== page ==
Poll: Pols Will Pay Price for Denial
October 22, 2013
Is it possible to make GOP lawmakers pay a political price for throwing in with the climate science deniers? The League of Conservation Voters is engaged in an interesting experiment designed to answer that question, running ads targeting GOP Senator Ron Johnson and a handful of House GOP lawmakers over their climate denialism.
The group’s operating theory: Denying what science says about threats to the fate of the planet should perhaps be, you know, a tiny bit politically problematic. GOP lawmakers pay a steep price for outsized claims about abortion or immigration. Why not about something as consequential as climate change?
Now the group has done a new poll that, it says, underscores that drawing attention to a public official’s climate science denialism does erode his or her public image. The group’s polling memo is right here. The group polled on Senator Johnson in the Green Bay, WI, media market — a swing area where its ads ran — before and after the ad buy. According to the memo:
52 percent of constituents who definitely recall the ads volunteer unfavorable impressions of Ron Johnson and his record in an open-ended (unprompted) question format, and most of the concerns they express relate directly to the content of the ads.
The memo also reports a 14-point increase in those who feel less favorable towards Johnson based on what they have heard about him; an eight point increase in his job disapproval; and an eight point boost in in constituents believing Johnson is out of step on climate change. (For more on Johnson, and the results the polling found on climate-denying House GOPers, read the whole memo.)
“Denying climate change science is something that, when you put it in front of voters, they stand up and take notice,” top Dem pollster Geoff Garin, who did the survey for the LCV, tells me. “We’re finding that when voters hear about an elected official denying basic climate science, it is consequential in the way they think about that person, both in terms of the issue itself, and in terms of larger conclusions voters draw about whether that official thinks the way they do.”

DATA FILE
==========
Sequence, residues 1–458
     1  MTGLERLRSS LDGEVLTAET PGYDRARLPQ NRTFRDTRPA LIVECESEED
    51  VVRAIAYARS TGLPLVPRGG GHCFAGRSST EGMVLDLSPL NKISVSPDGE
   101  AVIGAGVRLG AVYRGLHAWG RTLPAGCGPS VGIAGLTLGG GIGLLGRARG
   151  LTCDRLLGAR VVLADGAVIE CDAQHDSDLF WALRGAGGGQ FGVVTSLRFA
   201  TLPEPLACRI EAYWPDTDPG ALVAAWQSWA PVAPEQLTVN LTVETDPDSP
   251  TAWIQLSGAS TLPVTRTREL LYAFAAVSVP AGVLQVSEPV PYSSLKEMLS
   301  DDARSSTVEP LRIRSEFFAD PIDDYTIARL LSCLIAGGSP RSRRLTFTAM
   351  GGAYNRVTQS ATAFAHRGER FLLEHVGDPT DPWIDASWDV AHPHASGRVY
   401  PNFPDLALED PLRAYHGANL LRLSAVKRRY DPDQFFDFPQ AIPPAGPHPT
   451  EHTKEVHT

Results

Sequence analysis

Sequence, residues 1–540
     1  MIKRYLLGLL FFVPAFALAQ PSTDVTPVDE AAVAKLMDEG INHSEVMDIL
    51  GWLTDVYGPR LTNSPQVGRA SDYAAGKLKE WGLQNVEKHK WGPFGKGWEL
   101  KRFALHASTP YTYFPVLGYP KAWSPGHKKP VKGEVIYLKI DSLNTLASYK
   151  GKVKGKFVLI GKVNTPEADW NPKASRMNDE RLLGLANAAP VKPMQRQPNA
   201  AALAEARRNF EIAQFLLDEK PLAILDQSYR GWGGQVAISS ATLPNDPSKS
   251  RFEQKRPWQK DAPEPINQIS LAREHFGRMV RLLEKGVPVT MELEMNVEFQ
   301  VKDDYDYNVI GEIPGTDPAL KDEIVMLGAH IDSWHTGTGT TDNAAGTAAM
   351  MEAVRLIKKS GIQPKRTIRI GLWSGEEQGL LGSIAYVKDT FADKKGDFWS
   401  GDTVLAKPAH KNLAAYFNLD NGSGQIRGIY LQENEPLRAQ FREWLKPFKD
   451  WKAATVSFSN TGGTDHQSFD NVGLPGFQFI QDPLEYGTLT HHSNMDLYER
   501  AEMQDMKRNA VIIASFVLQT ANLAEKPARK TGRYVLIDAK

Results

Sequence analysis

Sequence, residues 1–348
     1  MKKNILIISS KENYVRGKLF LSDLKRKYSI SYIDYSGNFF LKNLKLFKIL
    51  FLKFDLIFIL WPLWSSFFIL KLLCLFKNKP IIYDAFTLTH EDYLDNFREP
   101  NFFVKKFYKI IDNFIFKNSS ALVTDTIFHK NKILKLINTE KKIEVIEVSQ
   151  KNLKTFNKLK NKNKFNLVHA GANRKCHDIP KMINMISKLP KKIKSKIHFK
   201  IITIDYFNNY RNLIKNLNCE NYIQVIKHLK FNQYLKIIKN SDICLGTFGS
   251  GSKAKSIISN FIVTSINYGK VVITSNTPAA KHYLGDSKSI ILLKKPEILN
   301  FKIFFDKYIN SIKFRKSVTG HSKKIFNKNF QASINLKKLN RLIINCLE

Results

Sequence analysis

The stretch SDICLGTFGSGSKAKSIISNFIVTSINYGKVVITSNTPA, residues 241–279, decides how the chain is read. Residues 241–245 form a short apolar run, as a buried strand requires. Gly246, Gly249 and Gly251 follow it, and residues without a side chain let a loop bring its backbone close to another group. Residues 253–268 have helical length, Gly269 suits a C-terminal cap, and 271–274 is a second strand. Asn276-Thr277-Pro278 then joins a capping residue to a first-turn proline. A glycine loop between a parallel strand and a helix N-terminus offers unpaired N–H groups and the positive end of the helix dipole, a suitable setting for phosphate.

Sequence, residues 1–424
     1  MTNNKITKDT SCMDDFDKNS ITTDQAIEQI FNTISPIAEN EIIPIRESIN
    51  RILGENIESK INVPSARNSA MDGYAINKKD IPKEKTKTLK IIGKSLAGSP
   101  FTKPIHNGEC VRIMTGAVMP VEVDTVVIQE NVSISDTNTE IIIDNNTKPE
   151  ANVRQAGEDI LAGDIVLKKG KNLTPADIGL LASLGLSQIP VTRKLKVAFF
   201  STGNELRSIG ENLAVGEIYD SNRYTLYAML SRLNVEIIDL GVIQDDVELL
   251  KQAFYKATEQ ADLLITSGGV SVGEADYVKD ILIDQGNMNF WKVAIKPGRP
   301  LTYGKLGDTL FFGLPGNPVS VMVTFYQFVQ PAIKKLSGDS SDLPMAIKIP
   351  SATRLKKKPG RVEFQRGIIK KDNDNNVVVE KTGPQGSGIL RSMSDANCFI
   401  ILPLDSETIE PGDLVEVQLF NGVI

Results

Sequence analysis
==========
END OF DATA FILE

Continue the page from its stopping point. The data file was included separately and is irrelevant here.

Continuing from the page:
Below, bullet points from the memo:
The following are a few key examples of the impacts we measured in the media markets where the ads were run:
- In the Champaign media market, there was a net drop of 11 points in Rodney Davis’ approval rating.
- In the Green Bay media market, disapproval for Ron Johnson rose by eight points, and negative personal feelings toward Johnson rose by nine points.
- In the Traverse City and Marquette media markets, Dan Benishek’s net approval rating dropped by 11 points, and there was a 13-point increase in the proportion of constituents who say he is out of step with their views on climate change.
- For all four incumbents, including Mike Coffman, those who recall the advertising were much more likely to express negative opinions about the incumbent across metrics than those who did not recall the advertising.
- For all four incumbents, we measured large-scale movement among panelback respondents who were interviewed both before and after the advertising. In Mike Coffman’s district, for example, there was a 13-point jump among panelback respondents in the proportion expressing negative feelings toward him and a 14-point jump among the proportion saying he is too close to big oil.Clearly, these ads, and the topic at the heart of them, have a significant breakthrough quality. The unaided recall of the ads’ messages indicates that the issue of climate change denial has sufficient relevance to be memorable. The changes in broad metrics further indicate that denial of climate science is a politically significant criticism that affects an elected official’s standing with their constituents when he or she is held accountable for it.